Otherwise, I'd have bought and bobbed one by now! :grin:
  10. That must have been a great trip you did.

    Agree that efi is not important. I initially thought it was just an old iron barrel like you rode in India, with efi bolted on. But this is an all new, unit construction engine, from early reports there's hope they have finally moved on with this one.
  11. Write-up in the current AMCN - pricing is $9000 RRP, updates are new engine (still only puts out 20kW) disc brake on front only and electric start. Still built in India.

    I certainly wouldn't pay $9000 for it, but then it's not really my thing anyway.
  12. I was tempted by the Enfield a few years ago. Then it occurred to me that, for the same money, I could get a real Brit - a twin with some performance even - which would still be a high maintenance proposition but which would have some real, oil-dripping cachet and which would have some chance of delivering the raw edge feel that I found so alluring in MrsB's Brit twins before we sold them on leaving the UK.

    But then, I bought a Ural, so what do I know? :roll:
  13. I'd get an old Bonnie if I wanted something like that.
  14. Metisse Scrambler for me, Bonny engine would do. Not quite the same price range though!
  15. $8,990 + ORC apparently. Wootton did a breif a write-up in the latest AMCN.

    I'd buy one if I had a coupla spare bucks lying around...to go with the VMax, Speed Triple, Thruxton, RSV4 ... etc ... etc ...
  16. From hanging around the aussie Royal Enfield forums for the last few years (I'd love a RE, would sell the SR for one without blinking were they good enough) my sense of their problems (it's typical for engines to go bang at 10,000km) is not the age of the design so much as quality control. Oil starvation in bottom end and self-destructing pistons with no over-bore replacements being the big problems. Maybe also they're just pushed harder here (re speed and distance) compared to India? Will be following the EFI RE very closely re any issues, the bike not only looks like a classic it feels like one, more importantly. No Jap singles have ever achieved that feeling (or that lack of acceleration and speed!). Saw some of these EFIs in Bendigo for the first time a week ago. That blue is just not right to my mind, but otherwise fantastic!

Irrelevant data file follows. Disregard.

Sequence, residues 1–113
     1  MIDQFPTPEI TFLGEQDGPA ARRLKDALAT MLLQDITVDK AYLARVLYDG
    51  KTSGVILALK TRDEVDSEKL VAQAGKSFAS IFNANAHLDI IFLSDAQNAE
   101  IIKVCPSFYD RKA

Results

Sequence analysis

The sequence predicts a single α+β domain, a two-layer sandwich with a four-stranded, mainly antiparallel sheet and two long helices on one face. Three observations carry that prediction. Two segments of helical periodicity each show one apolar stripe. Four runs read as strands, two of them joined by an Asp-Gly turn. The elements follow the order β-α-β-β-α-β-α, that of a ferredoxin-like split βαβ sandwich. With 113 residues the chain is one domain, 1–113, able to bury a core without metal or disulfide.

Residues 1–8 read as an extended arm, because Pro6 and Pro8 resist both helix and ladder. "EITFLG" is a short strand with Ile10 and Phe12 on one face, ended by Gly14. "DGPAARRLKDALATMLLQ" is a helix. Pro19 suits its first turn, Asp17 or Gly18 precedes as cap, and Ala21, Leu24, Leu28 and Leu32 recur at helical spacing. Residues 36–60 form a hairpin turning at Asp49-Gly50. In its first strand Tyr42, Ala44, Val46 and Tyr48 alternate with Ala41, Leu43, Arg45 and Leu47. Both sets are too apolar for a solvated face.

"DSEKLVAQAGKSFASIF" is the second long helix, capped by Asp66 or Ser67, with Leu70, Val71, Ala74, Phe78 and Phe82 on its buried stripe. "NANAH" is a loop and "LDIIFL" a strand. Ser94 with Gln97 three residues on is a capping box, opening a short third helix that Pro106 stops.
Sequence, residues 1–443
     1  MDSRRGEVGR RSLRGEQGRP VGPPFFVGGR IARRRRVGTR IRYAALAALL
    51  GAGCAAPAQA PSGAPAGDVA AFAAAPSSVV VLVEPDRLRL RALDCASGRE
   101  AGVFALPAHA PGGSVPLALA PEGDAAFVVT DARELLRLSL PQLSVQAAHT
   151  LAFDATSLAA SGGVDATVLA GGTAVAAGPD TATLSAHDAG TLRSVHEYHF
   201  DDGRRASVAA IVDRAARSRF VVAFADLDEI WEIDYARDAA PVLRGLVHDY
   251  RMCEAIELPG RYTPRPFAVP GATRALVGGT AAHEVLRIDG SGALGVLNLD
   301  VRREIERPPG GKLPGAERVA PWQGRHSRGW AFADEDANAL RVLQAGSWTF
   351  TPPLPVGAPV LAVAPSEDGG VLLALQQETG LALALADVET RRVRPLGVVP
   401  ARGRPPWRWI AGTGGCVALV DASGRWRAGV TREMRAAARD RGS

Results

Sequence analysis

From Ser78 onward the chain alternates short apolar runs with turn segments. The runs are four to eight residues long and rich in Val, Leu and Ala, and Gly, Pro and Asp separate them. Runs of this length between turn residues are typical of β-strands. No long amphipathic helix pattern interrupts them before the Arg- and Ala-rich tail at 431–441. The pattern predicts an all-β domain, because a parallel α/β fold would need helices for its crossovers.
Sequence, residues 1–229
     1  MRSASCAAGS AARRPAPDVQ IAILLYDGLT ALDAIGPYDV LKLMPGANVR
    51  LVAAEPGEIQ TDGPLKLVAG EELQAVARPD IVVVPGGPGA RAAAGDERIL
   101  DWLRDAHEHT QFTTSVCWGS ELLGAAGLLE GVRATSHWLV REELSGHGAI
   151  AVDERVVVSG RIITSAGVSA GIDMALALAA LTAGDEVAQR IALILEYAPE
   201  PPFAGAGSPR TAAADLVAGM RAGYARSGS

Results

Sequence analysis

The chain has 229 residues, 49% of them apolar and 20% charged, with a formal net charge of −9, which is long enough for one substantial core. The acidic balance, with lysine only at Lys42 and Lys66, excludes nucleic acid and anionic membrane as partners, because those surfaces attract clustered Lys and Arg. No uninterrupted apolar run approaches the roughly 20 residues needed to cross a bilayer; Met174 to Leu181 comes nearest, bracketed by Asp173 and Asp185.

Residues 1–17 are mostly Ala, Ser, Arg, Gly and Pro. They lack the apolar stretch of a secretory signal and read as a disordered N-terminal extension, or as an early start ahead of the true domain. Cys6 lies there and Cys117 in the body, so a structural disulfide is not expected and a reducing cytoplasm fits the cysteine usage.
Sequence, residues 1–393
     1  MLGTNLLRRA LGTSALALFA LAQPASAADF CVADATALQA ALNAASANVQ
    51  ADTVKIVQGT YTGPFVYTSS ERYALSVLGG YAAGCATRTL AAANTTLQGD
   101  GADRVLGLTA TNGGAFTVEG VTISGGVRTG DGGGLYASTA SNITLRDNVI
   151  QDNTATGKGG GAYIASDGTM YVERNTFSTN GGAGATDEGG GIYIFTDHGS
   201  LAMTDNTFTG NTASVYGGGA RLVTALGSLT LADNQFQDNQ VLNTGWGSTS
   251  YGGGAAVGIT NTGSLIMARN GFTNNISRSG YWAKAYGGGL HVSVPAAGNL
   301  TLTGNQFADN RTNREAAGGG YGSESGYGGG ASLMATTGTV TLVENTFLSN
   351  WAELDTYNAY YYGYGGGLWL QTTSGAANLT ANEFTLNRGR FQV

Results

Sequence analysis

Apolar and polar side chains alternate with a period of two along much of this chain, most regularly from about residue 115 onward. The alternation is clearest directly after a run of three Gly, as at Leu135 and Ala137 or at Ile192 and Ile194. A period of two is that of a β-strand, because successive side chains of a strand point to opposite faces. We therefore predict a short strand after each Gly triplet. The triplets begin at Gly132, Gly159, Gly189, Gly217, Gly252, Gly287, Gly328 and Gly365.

Every time I've invited an RE rider out on a ride they've either broken down and had to abort, or have arrived a a couple of hours late due to problems! And, Phanoongy, Dave (whom I assume you're talking about) went and did a bunch of preventative work on the Bullet to make a good bike, and still the hassles!
  17. Maybe also they're just pushed harder here (re speed and distance) compared to India?

    I think this is a significant point for many older designs. It was certainly an issue for the British industry as road improvements from the late 50s onwards allowed riders to run flat out for long periods, showing up cooling and oiling problems that just didn't manifest themselves when it was only possible to hold full throttle for seconds or even a few minutes at a time.

    That said, the Enfield as it stands is heavily restricted, at least in part to maintain reliability. That it often does not is not confidence inspiring.
  18. Wrong thread!
  19. "Reason"? Are you referring to my purchase tomorrow of a Honda I4?

    (Sorry Pat; it just became too hard!)
  20. Matt, is that tomorrow?

    When do I get a ride?